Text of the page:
Monday, May 9, 2016


Last Friday, May 6, Uni felt an urge to call Gracie, the daughter of our old friend Gladis Gibson, in El Paso, TX.  We had heard that Gladis was in hospice care and her health was rapidly declining.

When Gracie answered, Uni said simply, "I called to ask how your mother is doing?"

Gracie replied, "She passed this morning."

This was not a blow to us, as we had known it was coming for quite awhile; nevertheless, we still grieved.  Gladis would have been 92 on her next birthday.

We had known Gladis for over 60 years.  She and her husband Bill had had a great influence on our walk with Christ during that period.  I was honored to do Bill's memorial service in 2009 when he went to be with the Lord.

I first met Gladis and Bill in 1956.  I was 19 years old and it had been only a year since I had committed my life to Christ.  "Churchy" things were still new to me.  I knew that the little church we attended supported foreign missionaries, but at first my opinion of missionaries was that they were social misfits, isolationists, old maids - people who couldn't make it in the "real world."  Two events happened to change that opinion.

The first was a news item about what the world considered a horrible tragedy.  On a sandy beach along an unknown river deep in the jungles of Ecuador, a number of young American missionaries were savagely killed by members of a tribe known then as Aucas.  The reports of their discovery made headlines throughout the country.  LIFE magazine did a huge spread of pictures.  Radio and TV commentators discussed the event.  It was, for much of America, a first exposure to independent missions and to many it seemed senseless.  But this event had an impact on many in my generation.

The second was the meeting with the Gibsons, then in their 30's, not long after that event.  Bill was from our little church in Michigan and Gladis was from Oklahoma.  They had met in Bible college and had been sent out by our church as missionaries with Gospel Missionary Union, an independent mission organization.  They were at the time on a one year furlough from serving in the jungles of Ecuador.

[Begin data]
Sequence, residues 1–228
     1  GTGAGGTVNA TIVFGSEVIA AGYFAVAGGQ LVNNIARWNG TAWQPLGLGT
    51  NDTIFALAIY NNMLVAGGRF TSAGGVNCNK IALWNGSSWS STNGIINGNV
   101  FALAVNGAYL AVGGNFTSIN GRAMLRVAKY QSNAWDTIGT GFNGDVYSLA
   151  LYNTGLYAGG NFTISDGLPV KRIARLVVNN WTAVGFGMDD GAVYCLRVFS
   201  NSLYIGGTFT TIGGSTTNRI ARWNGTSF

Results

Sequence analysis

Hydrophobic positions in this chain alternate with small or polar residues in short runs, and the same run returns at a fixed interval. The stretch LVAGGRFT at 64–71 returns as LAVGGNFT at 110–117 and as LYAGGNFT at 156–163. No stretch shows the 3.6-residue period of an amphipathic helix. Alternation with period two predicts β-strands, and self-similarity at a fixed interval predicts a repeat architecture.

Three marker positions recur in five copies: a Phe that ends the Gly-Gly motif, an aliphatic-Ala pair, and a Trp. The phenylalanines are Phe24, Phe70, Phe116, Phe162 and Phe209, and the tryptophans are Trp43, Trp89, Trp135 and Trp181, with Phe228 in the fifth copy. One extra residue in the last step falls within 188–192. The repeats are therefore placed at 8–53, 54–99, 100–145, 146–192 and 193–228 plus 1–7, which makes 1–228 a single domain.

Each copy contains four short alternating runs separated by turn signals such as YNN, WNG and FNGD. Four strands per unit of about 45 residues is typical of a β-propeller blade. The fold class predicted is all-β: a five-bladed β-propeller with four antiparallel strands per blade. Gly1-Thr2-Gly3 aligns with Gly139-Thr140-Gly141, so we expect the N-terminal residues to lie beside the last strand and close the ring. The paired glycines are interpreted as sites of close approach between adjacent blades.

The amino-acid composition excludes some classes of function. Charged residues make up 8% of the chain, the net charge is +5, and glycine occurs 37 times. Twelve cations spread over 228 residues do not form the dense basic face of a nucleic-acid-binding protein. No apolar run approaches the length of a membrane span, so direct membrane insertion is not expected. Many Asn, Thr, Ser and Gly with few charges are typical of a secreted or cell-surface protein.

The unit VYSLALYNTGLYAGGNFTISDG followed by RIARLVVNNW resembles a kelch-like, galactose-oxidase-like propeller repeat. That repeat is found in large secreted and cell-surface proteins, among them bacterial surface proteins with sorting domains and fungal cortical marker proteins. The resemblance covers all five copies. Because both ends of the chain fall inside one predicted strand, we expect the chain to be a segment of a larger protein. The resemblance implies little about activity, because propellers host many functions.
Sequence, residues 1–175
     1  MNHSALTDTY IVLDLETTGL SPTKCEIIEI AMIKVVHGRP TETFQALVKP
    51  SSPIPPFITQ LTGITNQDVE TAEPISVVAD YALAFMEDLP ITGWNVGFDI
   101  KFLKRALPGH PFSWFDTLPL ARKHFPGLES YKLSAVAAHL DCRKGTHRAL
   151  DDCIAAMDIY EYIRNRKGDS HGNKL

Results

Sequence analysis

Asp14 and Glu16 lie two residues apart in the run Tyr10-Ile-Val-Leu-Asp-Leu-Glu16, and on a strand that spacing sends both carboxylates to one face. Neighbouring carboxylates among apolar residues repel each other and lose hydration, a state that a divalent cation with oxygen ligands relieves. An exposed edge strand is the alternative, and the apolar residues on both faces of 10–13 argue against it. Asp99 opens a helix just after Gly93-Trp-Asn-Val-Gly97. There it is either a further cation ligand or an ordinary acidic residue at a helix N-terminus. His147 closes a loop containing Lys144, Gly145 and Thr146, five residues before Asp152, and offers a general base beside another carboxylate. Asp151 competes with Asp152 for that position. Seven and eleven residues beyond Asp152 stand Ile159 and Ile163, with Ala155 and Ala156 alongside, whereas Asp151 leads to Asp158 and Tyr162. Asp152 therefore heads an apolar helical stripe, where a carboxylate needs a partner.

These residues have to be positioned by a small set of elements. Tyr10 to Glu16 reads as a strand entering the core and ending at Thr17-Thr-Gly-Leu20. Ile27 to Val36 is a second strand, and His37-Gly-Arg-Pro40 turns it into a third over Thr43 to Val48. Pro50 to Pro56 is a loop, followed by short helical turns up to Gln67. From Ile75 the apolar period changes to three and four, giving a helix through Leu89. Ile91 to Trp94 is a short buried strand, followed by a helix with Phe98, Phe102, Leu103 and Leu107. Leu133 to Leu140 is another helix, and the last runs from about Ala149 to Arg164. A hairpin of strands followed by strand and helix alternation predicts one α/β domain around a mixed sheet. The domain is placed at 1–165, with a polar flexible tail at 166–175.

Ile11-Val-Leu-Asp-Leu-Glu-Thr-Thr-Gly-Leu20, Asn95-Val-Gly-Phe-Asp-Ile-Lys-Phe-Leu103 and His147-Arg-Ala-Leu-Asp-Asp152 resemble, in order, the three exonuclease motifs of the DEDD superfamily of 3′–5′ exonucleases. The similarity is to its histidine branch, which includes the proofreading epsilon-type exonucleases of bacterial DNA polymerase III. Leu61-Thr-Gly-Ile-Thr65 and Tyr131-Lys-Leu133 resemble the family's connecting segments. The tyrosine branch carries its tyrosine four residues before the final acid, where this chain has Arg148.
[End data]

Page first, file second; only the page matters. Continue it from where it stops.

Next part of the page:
Bill and Gladis had served with those martyred men and their families.  They were dear friends and had known of the plans to bring the Gospel of Christ to this stone-age tribe that had never had contact with "civilization" before.  They had prayed and planned with these men and their wives and families.  Bill regaled us and our church youth group with stories of their adventures in the jungles.  He had even flown over the Auca village with Nate Saint, the missionary pilot, one of the martyrs.

The Gibsons were not simply good story tellers, they were normal people, yet people who had given their lives completely to Christ, and they spoke of those martyred men as being ordinary people just as they were.  I was impressed with Gladis when she played softball with us at a church picnic; she was stronger than many of us men.  She could hit harder and run faster than any of us.  As she later confessed, "I spend a great amount of my time trekking and sometimes running, through the jungle."

The Gibsons took Uni and me under their wings.  They mentored us - not by teaching us theology or how-tos, but simply by modeling the Christian life.

Later, when we moved from Michigan to Texas, we lost track of each other for a few years.  Then when I was attending Dallas Theological Seminary, Bill looked me up and found me in the coffee room.  The Gibsons were then serving in El Paso as directors of GMU's ministry in South Texas and Northern Mexico.  The friendships resumed.

Down through the years, Bill Gibson would sometimes speak at churches I pastored.  They'd also sing and Gladis would play her accordion.  I was privileged to be the speaker at the biennial retreats held for the South Texas missionaries, as well as in the little chapel where they were active.  Sometimes I would receive a phone call from Gladis informing me, "Our church bulletin says that you will be preaching on _______.”  We'd make arrangements at home, jump in the car and drive to El Paso for the service.

Gladis and Bill never ceased being missionaries for Christ, even after they retired.  They continued to serve in Grace Chapel in El Paso.  They started a Bible study in the mobile home park where they lived; it's still going on.  Gladis served as an R.N. in a clinic.  When she could no longer care for herself and needed to live in an independent living facility, she immediately started some Bible studies in both English and Spanish, with other residents and the care-giving personnel.

"Precious in the eyes of the LORD is the death of His saints."  Psalm 116:15

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